and subsequent victories for the BSP over the years. She is presently
serving her fourth term as the Chief Minister of Uttar Pradesh, after
having served three short terms between 1995 and 2003.

And, she won in Uttar Pradesh on her own by engineering a major social
change last time around. She came to power without any support from
the Congress, the BJP, or the Samajwadi Party in 2007.

Why then has Raj formed a front that will only weaken a successful
movement of the country's most underprivileged and oppressed castes?
Observers believe that Raj's movement is an attempt at addressing the
problems that the Dalits face under Mayawati. They point out that
power, as is always the case in Uttar Pradesh, benefitted a particular
caste group.

"The question is not what Mayawati can do to [Dalits], but what we can
do to us," writer and journalist Chittibabu Padavala wrote about the
meaning of Mayawati's victory in 2007 in The Economic and Political

The Dalits have definitely benefited, not just by their own assertion
but with consistent efforts of the state government too. Caste
atrocities have reduced, affirmative action has been taken and they
are much better represented in the administrative and political
structures now. But, looking deeper, one finds it is only the Jatavs,
who are reaping benefits this time.

Raj says, "Only Jatavs!" And, why is it so? "Because Mayawati is a
Jatav too," says Raj.

Politicians and observers say that while power has changed hands and
the traditional ruling castes are no longer the ones in power, the
state has seen the emergence of a new feudal system with Jatavs as the
dominant caste.

Jatavs make up nearly 57 percent of the Dalits in Uttar Pradesh, and
eight to nine per cent of its total population, almost same as that of
the Yadavs. The BSP broke the backbone of Samajwadi Party's successful
Yadav-Thakur voter base, using its stronghold among the Jatavs in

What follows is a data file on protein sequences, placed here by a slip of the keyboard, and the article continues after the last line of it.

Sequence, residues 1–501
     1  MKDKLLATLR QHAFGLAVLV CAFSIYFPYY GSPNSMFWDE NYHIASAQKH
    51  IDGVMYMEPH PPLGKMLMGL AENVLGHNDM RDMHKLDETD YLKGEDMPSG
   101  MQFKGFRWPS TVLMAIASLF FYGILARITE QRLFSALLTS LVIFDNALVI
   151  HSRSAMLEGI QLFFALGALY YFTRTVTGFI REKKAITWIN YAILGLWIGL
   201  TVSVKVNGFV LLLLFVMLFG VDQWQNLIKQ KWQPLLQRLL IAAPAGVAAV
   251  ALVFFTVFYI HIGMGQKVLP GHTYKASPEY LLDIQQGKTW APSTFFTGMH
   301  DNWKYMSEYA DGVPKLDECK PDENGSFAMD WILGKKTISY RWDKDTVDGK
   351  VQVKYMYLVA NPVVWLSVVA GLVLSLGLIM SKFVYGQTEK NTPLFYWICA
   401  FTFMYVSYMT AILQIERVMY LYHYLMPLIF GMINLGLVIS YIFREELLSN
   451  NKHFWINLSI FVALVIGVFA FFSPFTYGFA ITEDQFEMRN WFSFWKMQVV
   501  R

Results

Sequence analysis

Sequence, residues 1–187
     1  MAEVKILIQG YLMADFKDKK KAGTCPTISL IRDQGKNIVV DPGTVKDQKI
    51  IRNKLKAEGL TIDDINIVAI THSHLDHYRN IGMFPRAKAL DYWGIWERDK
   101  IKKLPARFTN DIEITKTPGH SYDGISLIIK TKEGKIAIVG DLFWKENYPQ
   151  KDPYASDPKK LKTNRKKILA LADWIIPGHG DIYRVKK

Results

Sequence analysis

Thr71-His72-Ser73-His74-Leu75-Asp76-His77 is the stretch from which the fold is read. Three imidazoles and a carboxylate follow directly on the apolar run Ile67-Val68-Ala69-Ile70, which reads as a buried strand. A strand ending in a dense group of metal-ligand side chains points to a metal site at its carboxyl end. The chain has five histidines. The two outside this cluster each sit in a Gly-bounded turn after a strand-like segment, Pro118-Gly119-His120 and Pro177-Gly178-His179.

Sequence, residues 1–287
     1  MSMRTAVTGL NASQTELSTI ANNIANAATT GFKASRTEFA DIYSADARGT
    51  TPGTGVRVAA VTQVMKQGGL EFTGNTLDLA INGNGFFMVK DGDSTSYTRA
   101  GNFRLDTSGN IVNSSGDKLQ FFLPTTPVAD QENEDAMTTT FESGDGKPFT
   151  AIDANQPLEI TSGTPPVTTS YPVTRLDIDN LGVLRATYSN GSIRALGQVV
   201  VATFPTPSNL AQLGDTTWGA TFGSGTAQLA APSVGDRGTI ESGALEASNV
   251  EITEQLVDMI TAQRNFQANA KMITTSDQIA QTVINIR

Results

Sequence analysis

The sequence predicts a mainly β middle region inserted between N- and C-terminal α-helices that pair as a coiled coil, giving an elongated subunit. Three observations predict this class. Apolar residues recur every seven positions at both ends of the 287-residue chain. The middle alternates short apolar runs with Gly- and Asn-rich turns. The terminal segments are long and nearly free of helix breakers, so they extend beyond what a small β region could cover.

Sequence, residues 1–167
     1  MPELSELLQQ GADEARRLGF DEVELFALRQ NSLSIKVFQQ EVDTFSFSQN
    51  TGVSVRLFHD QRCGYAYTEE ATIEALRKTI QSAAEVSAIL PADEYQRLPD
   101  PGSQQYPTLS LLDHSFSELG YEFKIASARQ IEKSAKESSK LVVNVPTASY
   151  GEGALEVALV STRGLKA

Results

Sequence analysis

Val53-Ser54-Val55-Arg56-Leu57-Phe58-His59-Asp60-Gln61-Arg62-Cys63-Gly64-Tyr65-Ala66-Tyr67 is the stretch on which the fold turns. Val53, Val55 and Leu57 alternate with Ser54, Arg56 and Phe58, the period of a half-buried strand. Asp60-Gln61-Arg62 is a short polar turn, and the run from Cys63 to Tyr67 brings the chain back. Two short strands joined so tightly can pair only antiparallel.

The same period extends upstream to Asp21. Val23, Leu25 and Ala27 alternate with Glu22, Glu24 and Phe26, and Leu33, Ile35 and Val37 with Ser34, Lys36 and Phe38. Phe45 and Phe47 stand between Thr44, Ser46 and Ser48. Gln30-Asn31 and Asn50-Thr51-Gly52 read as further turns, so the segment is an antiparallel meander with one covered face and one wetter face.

Jatavs are now emerging as an assertive caste in the state, especially
with their numbers in the administration growing rapidly in the past
decade. "A simple analysis of the data on recent appointments in the
police and the administration shows a 30 to 35 per cent increase in
the number of appointments of Jatavs," a senior BSP minister told
Tehelka on the condition of anonymity.


Many top postings are recommended from Lucknow. Many other happen
almost by default when the candidate is Jatav. It is considered a safe
bet to have a senior Jatav officer in any district administration.

The Jatavs have been politically conscious and involved since the time
of Babu Jagjivan Ram of the Congress in the 1960s. Then when Kanshi
Ram and Mayawati came together, Jatavs took the BAMCEF's assertion
movement forward. And they still do: they form a large chunk of the
BSP cadre.

"This constant hammering of her caste's identity has made them
politically forward looking," Raj says.

The other castes among the Dalits, on the other hand, are still
underrepresented in the state government jobs, making up barely five
to eight per cent of the force in the administration and the police in
the state, that too only on lower posts. Off the record, senior
officials in Uttar Pradesh say that most of the housing schemes for
Dalits in the state have benefited Jatavs more than any other caste.

"Fruits of governance have gone to just one caste. There is no
difference between this regime and the other regimes in the past.
Rather, the discrimination is much more open under Mayawati's rule,"
Raj alleges.

The socioeconomic rise of the Jatavs has on the one hand made them
confident, and they have stood up to the higher castes in the state,
while on the other hand they have also fallen prey to the feudal
practices alien to the Jatav society.

They are traditionally a more equal caste and not patriarchal. But,
that has changed over the past decade and has often resulted in crimes
against lower Dalit castes.

The number of rape cases involving Jatav men has seen a constant rise
in western Uttar Pradesh, a phenomenon, senior police officials say,
has not been noticed before. Jatavs are often caught in cases of
atrocities against other lower Dalit castes as well as the higher

In the Jewar village in Greater Noida near Delhi, where an